God walked in the Garden to search for the rebellious man and woman and he doesn’t smite them  when the man accuses God of causing him to sin! There’s a judgement, a casting out, a promise of  salvation and a rescue has begun, but then there is violence when God is violent towards his creation  in making clothes for the woman and man. Sadly the human story gets increasingly violent with  murder and then violent retribution – think of Lamech’s justice where the punishment for wounding is  death and his revenge again those who attack him is not seven fold as for Cain but seventy-seven fold  (Genesis 4:23,24). 

Violence is here to stay and if God is interacting with the world then he is somehow interacting with  violence. The question to ask, I think, is to what purpose or to what end is God interacting with the  violence in the world? What is his goal and purpose? Welcome to interpretations and views such as  about Abraham’s almost sacrifice of Isaac. Welcome to the violence of today’s reading from the  Gospel according to Mark. Should I say ‘welcome’?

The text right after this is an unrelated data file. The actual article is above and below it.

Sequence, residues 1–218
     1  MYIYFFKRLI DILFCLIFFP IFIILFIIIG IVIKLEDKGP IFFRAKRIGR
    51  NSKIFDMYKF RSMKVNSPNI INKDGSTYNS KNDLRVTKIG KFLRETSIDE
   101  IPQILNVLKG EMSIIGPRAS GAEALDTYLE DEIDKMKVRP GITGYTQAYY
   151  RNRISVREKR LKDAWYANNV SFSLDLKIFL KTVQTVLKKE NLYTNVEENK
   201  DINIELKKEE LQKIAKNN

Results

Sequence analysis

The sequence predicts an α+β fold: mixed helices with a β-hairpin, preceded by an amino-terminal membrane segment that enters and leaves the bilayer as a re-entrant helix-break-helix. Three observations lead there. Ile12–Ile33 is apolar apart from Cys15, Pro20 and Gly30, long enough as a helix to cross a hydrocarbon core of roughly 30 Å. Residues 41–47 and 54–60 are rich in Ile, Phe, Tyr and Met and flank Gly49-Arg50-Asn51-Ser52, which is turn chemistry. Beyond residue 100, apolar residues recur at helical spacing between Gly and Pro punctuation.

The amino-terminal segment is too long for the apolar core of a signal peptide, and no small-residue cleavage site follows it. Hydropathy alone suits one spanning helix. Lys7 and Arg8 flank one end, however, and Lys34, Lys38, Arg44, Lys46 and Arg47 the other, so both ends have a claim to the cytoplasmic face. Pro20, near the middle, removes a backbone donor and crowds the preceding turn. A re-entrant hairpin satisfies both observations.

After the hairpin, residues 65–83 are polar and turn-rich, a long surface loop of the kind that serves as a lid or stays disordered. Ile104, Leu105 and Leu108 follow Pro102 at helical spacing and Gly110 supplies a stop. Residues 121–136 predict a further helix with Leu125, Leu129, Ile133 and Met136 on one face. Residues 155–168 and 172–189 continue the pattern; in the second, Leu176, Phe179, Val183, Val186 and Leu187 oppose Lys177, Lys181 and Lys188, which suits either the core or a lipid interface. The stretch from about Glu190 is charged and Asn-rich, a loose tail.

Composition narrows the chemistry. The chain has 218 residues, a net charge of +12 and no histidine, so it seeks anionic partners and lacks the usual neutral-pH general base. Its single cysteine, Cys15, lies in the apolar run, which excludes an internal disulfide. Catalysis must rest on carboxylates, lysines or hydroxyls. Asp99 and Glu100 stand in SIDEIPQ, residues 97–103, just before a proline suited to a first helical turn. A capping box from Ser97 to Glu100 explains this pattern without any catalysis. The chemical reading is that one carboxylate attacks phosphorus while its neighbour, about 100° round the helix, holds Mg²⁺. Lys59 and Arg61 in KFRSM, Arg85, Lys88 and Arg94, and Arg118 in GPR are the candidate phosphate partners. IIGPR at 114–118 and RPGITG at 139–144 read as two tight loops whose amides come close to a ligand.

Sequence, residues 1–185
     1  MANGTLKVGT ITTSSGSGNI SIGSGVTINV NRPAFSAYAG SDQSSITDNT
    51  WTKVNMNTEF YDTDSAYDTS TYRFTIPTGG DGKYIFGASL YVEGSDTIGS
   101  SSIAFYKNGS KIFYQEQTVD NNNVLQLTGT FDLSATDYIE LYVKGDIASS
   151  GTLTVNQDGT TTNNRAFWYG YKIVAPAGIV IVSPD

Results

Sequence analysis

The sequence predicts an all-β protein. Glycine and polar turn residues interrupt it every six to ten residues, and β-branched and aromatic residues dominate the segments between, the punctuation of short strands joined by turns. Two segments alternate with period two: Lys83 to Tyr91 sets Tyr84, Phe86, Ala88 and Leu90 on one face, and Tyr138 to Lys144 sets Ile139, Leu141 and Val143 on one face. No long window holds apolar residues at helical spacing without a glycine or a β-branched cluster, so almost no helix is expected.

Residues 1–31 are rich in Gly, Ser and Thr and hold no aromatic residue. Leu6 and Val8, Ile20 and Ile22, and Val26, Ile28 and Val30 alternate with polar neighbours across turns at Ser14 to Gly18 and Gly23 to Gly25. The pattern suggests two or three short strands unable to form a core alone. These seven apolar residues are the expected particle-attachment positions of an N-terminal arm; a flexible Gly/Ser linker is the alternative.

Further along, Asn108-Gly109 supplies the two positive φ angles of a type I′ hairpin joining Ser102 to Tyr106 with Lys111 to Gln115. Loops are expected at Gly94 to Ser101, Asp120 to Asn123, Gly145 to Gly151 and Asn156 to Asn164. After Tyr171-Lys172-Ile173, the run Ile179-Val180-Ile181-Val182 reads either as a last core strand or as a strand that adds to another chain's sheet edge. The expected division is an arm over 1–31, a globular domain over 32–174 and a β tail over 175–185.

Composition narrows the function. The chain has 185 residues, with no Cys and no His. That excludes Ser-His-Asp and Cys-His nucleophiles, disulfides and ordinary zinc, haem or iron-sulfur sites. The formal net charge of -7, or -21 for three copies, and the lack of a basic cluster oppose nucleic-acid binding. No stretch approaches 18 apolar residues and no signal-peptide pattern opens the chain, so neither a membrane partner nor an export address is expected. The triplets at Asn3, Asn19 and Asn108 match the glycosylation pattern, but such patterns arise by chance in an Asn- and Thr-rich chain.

Did you sense the violence in the Gospel today? 

Mark covers the baptism, the temptation in the wilderness, and the beginning of Jesus’ public ministry in a few verses. They describe 6 weeks minimum because Mark seems to be in a hurry to tell his  story. Jesus is at the Jordan River – a place associated with the Old Testament prophets and is  baptised by John and the heavens are torn open, split open – and the same word is used later to  describe the tearing of the temple curtain at Jesus’ crucifixion. The mystery is who is doing the  tearing? At Jesus’ baptism in the water he looks like a sinner, the heavens are torn open by the Spirit  who descends on Jesus as the voice declares Jesus to be the ‘beloved Son’. This rescue is involving  violence.